Financial Advice

Debt Ratios and Debt Loads

Debt Ratios and Debt Loads

Lenders use several factors to determine if they can lend to a person. They are looking at how much risk they take if they lend to someone. The lender's goal is to understand how likely this person will pay back the debt as agreed or how much risk there is of the consumer not making payment. Debt ratios and debt loads are two terms you may hear concerning this.

What Are Debt Ratios?

Debt ratios represent a measure of a person's financial obligations concerning various economic factors such as income, credit limit, etc. For instance, a debt-to-income ratio compares a person's total debt to their overall income. A higher debt-to-income ratio indicates that the individual allocates more income to service debt.

Understanding Debt Load

In personal finance, "debt load" refers to an individual's total debt at any time. That could encompass various forms of debt, such as credit card balances, student loans, car loans, mortgages, personal loans, and other liabilities.

The size of a person's debt load can significantly impact their financial health. A high debt load can make it harder to meet monthly payments, save for the future, or qualify for additional credit when needed. Additionally, carrying a large amount of debt, especially high-interest debt, can lead to increased financial stress and potential credit issues.

Understanding and managing one's debt load is crucial to personal finance. Debt loads should be manageable relative to income, and paying off high-interest debts should be the priority to reduce the overall debt load more quickly.

Types of Debt Ratios

Lenders look at different types of debt ratios to better understand the amount of risk present.

A debt-to-income ratio refers to the amount of debt a person has concerning their income. Lenders determine a "healthy" or safe level of debt ratio here. Still, a debt-to-income ratio of 28% or lower is ideal when using this figure to determine mortgage qualifications.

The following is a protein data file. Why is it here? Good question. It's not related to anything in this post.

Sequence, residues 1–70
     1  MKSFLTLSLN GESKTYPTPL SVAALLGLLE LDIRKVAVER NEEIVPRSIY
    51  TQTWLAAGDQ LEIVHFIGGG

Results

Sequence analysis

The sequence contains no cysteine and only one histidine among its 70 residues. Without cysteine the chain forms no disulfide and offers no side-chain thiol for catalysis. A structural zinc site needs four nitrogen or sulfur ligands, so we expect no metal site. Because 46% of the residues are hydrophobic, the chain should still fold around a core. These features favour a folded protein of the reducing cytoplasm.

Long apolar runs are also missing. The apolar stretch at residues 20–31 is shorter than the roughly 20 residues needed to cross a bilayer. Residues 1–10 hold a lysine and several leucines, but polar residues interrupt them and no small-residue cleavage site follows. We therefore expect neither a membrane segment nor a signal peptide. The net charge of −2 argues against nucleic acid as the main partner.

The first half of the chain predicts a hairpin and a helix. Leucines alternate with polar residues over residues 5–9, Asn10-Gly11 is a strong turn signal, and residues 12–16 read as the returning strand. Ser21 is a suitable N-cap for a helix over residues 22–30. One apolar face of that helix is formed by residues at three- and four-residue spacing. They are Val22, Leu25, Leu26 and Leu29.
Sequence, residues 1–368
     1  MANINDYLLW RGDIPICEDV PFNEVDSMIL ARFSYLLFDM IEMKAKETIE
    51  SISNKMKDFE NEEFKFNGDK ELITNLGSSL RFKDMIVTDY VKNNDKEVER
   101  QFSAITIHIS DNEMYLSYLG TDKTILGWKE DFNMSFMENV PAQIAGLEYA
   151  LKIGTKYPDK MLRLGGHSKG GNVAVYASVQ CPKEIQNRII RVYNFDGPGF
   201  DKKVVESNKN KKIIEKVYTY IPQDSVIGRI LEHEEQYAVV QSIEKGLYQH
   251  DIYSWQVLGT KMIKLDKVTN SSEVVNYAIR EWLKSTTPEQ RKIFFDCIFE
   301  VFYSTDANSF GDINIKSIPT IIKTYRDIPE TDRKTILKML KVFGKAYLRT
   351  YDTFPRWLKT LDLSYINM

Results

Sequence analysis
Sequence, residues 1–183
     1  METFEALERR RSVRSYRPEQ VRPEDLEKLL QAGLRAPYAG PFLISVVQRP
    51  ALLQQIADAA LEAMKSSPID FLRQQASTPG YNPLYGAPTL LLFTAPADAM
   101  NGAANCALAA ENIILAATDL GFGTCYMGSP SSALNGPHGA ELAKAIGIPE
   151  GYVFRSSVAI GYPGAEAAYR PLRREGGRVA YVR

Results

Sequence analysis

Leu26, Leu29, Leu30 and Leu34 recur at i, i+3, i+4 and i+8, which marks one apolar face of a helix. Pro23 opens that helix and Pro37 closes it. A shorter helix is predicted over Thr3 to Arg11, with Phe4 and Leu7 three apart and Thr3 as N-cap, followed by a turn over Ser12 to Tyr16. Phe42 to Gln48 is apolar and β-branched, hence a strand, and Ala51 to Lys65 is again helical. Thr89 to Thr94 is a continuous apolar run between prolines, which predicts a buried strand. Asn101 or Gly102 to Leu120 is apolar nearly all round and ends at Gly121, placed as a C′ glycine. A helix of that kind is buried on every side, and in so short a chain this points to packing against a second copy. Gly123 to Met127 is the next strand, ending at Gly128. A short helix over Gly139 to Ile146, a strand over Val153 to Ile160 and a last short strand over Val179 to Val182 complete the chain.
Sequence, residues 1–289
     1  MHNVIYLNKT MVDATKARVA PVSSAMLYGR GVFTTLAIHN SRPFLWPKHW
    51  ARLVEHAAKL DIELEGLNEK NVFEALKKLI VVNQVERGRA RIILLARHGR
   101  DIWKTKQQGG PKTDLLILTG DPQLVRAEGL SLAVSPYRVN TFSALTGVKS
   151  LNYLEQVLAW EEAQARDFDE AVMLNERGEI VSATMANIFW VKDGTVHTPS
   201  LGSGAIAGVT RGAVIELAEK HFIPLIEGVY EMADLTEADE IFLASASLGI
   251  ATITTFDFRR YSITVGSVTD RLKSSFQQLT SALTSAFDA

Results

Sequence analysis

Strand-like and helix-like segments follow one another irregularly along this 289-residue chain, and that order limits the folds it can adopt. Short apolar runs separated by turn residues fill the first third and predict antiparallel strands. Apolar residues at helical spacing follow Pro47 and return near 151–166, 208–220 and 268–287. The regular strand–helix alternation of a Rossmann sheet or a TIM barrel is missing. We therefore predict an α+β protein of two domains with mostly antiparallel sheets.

The debt-to-limit ratio is different. The debt-to-limit ratio, also known as the credit utilization ratio, is a measure used in personal finance that reflects the amount of debt a person has relative to their overall credit limit.

You can calculate this ratio by dividing the total balance of your debt (or the amount you currently owe) by your total credit limit across all your credit accounts. Express the result as a percentage.

For example, if you have a credit card with a limit of $5,000 and you've charged $2,500, your debt-to-limit or credit utilization ratio on that card would be 50%.

Credit utilization is a significant factor in the calculation of credit scores. A lower credit utilization ratio is typically better for your credit score, suggesting you're not over-relying on your available credit. Experts suggest you should keep your credit utilization ratio below 30%.

How Debt Ratios and Debt Loads Are Used to Make Lending Decisions

Understanding debt ratios and debt loads is an essential strategy in determining how much risk is present for the lender. For example, suppose a person has a credit limit of $1,000 but already uses $800. In that case, that's a debt-to-limit ratio of 80%, which is very high. That shows the lender the consumer may struggle to pay back the amount they owe.

The higher these ratios are, the more risk the lender takes. They use this information to determine the following:

  • If they should offer a loan.
  • How much of a loan will they offer (how much you can borrow)?
  • How much interest to charge on the loan?

This information is typically used alongside other data to determine risk. For example, lenders will consider the type of debt. If the loan is secured, which means some asset backs it, there is less risk involved since the lender can seize the asset to repay the borrowed funds if a default occurs.

When debt loads are higher, lenders can also charge more. Because there is more risk, lenders charge more interest on the loan. That means the more debt you have, the more you have to pay for that debt over time. Keeping your debt as low as possible makes it easier and more affordable for you to borrow money.

Managing Your Debt Ratios and Debt Loads

As a consumer, managing your debt load is up to you. Lenders only have access to the amount of debt they lend you, but you control how many loans you apply for and how much they are worth. Understanding where you stand at any given time can require a delicate balance.

For example, having a high amount of available credit is good. That means lenders trust you will repay your debt on time and as agreed. That means you may want that big credit limit. However, suppose you get a big credit limit and charge a high percentage. In that case, that increases your debt load significantly. Over time, you will have a much higher debt-to-limit ratio.

If your debt is very high, it is harder for you to obtain another loan. Ultimately, keeping your debt as low as possible while managing to keep your available credit high can help you to improve your credit history.

How can you do that? Consider these tips for managing your debt load and ratios:

  • Stay in the know. Make sure you know how much your limit is on every loan and credit card you have. That way, you know when you are reaching the upper limit.
  • Aim for 30% or lower on every loan. If you have a credit card with a $1,000 limit, don't charge more than $300.
  • Work to use credit only based on how much you can pay back that month. Keeping your debts low helps you avoid costly interest.

Debt loads are a big part of managing your financial history. If your debt is high now, work to pay it down over time.